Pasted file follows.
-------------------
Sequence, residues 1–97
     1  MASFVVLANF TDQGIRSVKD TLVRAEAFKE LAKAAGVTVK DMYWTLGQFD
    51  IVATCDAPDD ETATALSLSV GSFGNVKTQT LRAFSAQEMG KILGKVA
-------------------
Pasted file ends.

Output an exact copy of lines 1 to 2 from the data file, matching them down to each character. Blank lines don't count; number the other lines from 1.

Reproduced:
Sequence, residues 1–97
     1  MASFVVLANF TDQGIRSVKD TLVRAEAFKE LAKAAGVTVK DMYWTLGQFD